Does the 1964 Civil Rights Acts Apply to LGBTQ Employees?

The 1964 Civil Rights Act forbids the termination or hiring of an employee based on race, color, religion, sex, or nationality. The one element that is being questioned is whether or not the term “sex” can apply to sexual orientation or gender identity.

On Tuesday, the Supreme Court heard three separate cases concerning this issue.

Defendants Claim Their Firing Was Discriminatory

Three different defendants presented their cases before the Supreme Court on Tuesday in which they claim they were fired for being either homosexual or transgender.

    1. Gerald Bostock, a child welfare coordinator for the juvenile court system in Georgia claimed he was fired once his employer found out that he had joined a homosexual men’s softball league. He was proud to stand before the judges and plead his case.“It’s exciting, of course, but at the same time… it’s very surreal,” Bostock said. “…This is such an issue of national importance. And it impacts so many people, millions and millions of people, and somebody needed to stand up and face this head-on.”
    2. Don Zarda, a skydiving instructor, claimed he was fired for being gay. In order to put a female student at ease concerning physical contact during a tandem jump, Zarda told the student he was gay. The student told her boyfriend about the incident and he called Zarda’s boss to complain.The owner of the skydiving facility explained why Zarda was fired. “It’s not about gay. It’s about your personal life, talking to people about it,” he said. The owner mentioned that he fired Zarda because of the complaint.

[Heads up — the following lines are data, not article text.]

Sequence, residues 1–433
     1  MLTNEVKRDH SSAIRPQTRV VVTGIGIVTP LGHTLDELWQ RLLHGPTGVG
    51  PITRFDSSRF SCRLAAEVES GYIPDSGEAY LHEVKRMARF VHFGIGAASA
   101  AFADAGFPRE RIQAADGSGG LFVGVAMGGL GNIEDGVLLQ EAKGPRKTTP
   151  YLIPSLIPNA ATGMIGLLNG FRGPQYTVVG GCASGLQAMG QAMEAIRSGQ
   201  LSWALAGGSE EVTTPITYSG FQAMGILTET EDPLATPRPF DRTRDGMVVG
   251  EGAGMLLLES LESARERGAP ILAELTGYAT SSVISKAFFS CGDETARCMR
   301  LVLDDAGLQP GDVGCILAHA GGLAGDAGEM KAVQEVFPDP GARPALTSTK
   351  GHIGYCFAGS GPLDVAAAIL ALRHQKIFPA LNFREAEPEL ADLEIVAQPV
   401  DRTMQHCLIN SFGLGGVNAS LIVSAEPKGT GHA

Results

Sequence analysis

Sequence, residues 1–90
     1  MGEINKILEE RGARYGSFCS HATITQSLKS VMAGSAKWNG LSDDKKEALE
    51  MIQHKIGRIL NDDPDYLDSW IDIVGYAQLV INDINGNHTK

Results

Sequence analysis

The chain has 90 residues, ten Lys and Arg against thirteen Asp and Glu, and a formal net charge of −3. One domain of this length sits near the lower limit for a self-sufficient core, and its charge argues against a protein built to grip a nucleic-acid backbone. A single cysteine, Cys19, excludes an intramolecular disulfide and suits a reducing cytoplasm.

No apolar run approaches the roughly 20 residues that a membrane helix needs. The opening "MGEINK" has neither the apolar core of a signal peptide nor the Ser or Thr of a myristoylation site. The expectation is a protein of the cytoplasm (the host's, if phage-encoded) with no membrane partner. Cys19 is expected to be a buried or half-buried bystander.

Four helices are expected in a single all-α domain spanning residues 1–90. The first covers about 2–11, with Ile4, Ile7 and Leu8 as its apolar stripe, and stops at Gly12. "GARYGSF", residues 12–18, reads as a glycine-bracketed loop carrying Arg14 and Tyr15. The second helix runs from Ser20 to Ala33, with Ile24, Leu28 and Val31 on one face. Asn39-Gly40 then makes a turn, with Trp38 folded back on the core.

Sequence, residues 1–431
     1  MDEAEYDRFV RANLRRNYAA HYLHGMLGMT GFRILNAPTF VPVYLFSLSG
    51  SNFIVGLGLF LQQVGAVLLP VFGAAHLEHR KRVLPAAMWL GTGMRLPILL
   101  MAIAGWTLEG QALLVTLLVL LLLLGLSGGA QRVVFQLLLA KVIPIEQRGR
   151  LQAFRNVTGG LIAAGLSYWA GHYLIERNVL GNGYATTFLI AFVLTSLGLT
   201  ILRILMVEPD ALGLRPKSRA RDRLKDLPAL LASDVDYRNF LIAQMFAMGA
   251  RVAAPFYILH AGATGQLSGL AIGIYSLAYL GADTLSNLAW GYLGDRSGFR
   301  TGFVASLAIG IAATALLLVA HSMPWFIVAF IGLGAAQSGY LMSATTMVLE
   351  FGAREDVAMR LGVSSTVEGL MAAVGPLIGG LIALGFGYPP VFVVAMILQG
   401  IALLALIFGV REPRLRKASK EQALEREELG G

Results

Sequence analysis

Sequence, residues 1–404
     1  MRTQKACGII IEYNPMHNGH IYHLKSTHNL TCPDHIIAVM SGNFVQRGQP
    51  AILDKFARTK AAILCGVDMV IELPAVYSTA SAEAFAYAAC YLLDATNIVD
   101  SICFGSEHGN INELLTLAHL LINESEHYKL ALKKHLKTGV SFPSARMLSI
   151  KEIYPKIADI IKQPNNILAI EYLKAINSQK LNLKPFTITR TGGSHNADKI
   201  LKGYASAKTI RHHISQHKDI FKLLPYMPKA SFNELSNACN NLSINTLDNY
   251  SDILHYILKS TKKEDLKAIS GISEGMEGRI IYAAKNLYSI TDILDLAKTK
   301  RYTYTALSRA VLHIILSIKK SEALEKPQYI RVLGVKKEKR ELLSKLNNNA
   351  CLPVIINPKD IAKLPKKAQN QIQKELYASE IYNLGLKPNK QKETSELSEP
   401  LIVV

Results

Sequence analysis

3. Aimee Stephens worked at R.G. and G.R. Harris Funeral Homes as a director and was let go after she revealed that she was transgender. Her employer said she was fired because of a dress code violation in which suits are required for men.

Supreme Court Ruling Requires Five Votes

Gabriel Arkles, Senior Staff Attorney at the American Civil Rights Union (ACLU), represented Aimee Stephens at the Supreme Court hearing on Tuesday. He seems to be optimistic about the ruling that can come as early as January or as late as June.

He feels confident that the four liberal judges will undoubtedly vote in favor of the LGBTQ interpretation of Title VII of the Civil Rights Act. The swing vote looks like it’s in the hands of conservative Justice Neil Gorsuch.

Arkles said, “Justice Gorsuch certainly implied that he thought our textual argument carried some weight and that it was at least possible he will vote in favor of the employees.”

Regardless of the outcome, Arkles echoes the sentiment of his client Aimee Stephens:

“[T]he fact that we’re able to bring it forth and hear the case presented is a victory already. Regardless of whether it’s a favorable decision or not, we still have a lot of work to do. When this part’s over, we just work on the next issue, and work hard and keeping going.”